Michelle and I went to Japan just at the right time as the entire Keisen Church Network met for their annual festival and were celebrating 50 years of God’s faithfulness.  Over 300 believers representing the ten churches in the network gathered in the mountains of northern Japan at Pastor Chida’s church for two days of celebration, prayer, encouragement, and vision.

Everything was graciously translated for me and Michelle during the festival, so we were able to celebrate and pray along with them.  I was even invited to speak for a few minutes and was able to share how much my church (Foothills Fellowship) and the churches in the Keisen Church Network had in common the focus of missional living.  I closed my comments praying that God would make the words of Acts 11:21 true for them: And the hand of the Lord was with them, and a great number who believed turned to the Lord. Please pray this for them as well as the network desires to  expand in order to bring God’s Kingdom to new Japanese communities.

Japanese Believers

Michelle and I were struck by how much our hearts meshed with the believers we met in such a short period of time.  We discovered that even though we live thousands of miles apart and speak different languages, we have much in common.  Maybe this is due to the fact that they are wrestling with the realities of living missionally in their local culture just like we are.  Maybe it’s due to the fact that they are people just like us struggling to live lives of holiness in a spiritually dark culture.  Or maybe it has something to do with the fact that the same Holy Spirit that resides in them resides in us!  Whatever the case, our hearts were moved by the brothers and sisters we met there.  Especially dear to us were the times of worship we experienced with them.  Knowing the difficult journey each one has taken to come to the place of surrendering their hearts to the Lord, to see them raising their hands in worship and singing their hearts out to the Lord was moving.

During our stay, two young believers approached me and Michelle to thank us for the ministry we’re doing in the states.  Both of them came to faith in Christ while visiting the states and wanted to let us know how much they appreciate the work of the church in the U.S.  This was so encouraging to us, and reignited my passion to continue to develop the ministry of Foothills Fellowship to the international students that come to Albuquerque each semester.

Highlights of Our Interaction with the Japanese Church

Interacting and worshiping with the Japanese church was such a rich experience for both me and Michelle.  Three highlights stand out in my mind:

1. At the close of the Keisen Church Network Festival, a choir consisting of members from all ten churches sang a powerful rendition of  “A Mighty Fortress Is Our God.”  They sang in Japanese, and Michelle and I sang along with them in English.  It was beautiful, moving, and heaven-like.

100_7189100_70582. Michelle and I were able to meet several of the pastors from the other churches in the network.  In addition to meeting the founding pastor, Pastor Chida (first picture), we were also able to meet some of the younger pastors in the movement as well.  The man in the middle of the second picture is a pastor in the network who has a heart for taking the gospel from Japan to “the ends of the earth.”  He reported at the festival on the trip he and some of his church members took to Nepal.  How cool is it that the young and growing Japanese church is already going global?!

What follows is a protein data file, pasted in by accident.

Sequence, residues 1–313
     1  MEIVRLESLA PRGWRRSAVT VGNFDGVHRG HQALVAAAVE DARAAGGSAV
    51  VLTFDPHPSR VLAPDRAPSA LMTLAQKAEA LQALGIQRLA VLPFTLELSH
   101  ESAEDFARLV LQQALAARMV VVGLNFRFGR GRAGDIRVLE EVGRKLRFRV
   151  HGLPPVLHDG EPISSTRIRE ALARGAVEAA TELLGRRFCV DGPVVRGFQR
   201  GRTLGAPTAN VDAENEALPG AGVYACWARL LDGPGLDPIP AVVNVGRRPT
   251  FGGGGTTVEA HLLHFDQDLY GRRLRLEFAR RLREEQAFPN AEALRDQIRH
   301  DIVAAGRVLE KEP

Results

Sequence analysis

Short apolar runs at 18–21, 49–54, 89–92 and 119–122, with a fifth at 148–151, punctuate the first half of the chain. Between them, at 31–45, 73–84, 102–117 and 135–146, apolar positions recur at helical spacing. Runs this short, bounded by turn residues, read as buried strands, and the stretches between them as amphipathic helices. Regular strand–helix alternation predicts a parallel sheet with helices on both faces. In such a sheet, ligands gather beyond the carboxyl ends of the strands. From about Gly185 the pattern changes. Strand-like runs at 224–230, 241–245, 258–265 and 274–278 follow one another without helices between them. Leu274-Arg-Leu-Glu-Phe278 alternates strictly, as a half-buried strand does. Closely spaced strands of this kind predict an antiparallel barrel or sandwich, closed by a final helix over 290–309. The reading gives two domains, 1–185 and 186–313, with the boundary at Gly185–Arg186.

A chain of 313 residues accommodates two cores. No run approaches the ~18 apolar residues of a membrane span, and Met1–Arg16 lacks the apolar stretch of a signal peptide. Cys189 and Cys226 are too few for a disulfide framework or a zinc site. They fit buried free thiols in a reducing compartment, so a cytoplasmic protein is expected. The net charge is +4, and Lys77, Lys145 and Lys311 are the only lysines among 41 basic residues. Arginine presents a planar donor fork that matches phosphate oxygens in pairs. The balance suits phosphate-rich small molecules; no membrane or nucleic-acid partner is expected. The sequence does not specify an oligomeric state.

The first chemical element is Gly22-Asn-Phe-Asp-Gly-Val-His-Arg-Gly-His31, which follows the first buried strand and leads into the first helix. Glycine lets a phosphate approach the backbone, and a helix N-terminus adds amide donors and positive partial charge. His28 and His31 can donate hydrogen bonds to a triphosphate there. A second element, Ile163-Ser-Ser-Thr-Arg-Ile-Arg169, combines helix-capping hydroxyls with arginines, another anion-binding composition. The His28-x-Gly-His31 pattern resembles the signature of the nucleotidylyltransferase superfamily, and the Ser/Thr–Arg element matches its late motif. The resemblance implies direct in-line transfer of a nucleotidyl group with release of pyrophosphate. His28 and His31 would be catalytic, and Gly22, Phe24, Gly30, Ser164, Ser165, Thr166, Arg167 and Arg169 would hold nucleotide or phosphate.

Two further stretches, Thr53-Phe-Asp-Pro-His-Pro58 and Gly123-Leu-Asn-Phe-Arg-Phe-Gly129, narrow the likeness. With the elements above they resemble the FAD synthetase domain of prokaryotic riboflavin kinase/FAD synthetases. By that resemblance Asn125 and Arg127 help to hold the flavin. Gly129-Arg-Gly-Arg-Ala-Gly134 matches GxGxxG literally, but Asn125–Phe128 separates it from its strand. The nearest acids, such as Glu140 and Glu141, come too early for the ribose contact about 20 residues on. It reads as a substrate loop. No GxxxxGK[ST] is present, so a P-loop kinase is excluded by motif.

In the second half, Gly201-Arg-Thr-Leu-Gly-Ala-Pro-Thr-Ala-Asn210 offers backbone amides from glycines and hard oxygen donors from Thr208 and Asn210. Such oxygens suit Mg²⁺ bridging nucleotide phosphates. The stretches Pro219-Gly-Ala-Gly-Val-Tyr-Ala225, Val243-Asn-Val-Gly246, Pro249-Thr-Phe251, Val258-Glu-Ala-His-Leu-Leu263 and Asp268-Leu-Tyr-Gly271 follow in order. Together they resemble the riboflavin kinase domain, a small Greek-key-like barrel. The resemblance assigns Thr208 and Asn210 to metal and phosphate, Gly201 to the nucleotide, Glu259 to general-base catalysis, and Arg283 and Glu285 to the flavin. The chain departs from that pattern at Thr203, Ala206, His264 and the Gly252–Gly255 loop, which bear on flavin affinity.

3.  The Hills invited me and Michelle to their home for lunch with Pastor Okita and his wife.  I had met Pastor Okita years ago when Leon brought him to Foothills but had never “talked ministry” with him.  We spent about three hours exploring the concept of our two churches partnering together in the years to come.  Both of us are unsure what this looks like, but it may involve members of Foothills going to Japan for short or mid-term trips and members of Midorino Chapel coming here to assist us with our ministry to international students.  Not sure, but the prospect of partnering is something that excites both of us.  Please pray for God to make clear what he would have us to do.

Tomorrow, I’ll tell you about the incredible ministry the Hills have in Japan, including the ministry God gave them 14 years ago to an unbelieving family that is still having a powerful impact today.

The People of Japan

IMG00442-20091015-2148Japan is a country that is about as big as California.  In California, there are 37 million people, and if you’ve ever been to Southern California, you know how crowded the state can be in spots.  In Japan, there are 127 million people…and 80% of the country is mountainous.  That means that most of the 127 million people are jammed into 20% of the country.  To say that Japan is crowded would be an understatement.

Leon and Cheryl Hill live in the greater Tokyo area where 35 million other people reside, making it the world’s most populous metropolitan area.  They happen to live in an area where there are still some peanut and rice fields scattered around, making it feel a bit more rural than urban.  Nonetheless, where they live is still considered a part of the Tokyo metropolitan area and is connected to the heart of the city by the train line.

Because of the Hills’ many relationships, Michelle and I had a unique opportunity to interact with a variety of people including pastors and missionaries, several church members from the ten churches of the Keisen Church Network, and several non-Christian people.  Only 2% of the Japanese people are born-again Christians, so unchurched, non-Christian people were not hard to find.

Their Religious Beliefs and Practices

IMG00588-20091016-0057Shinto and Buddhism are Japan’s two major religions. They have been co-existing for several centuries and have even complemented each other to a certain degree. Most Japanese consider themselves Buddhist, Shintoist or both, but religion does not play a big role in the everyday life of most Japanese people today. The average person typically follows the religious rituals at ceremonies like birth, weddings and funerals, or they may visit a shrine or temple (like the one pictured here from our Tokyo visit) on New Year.  They also may participate occasionally in local festivals that have a religious background to them.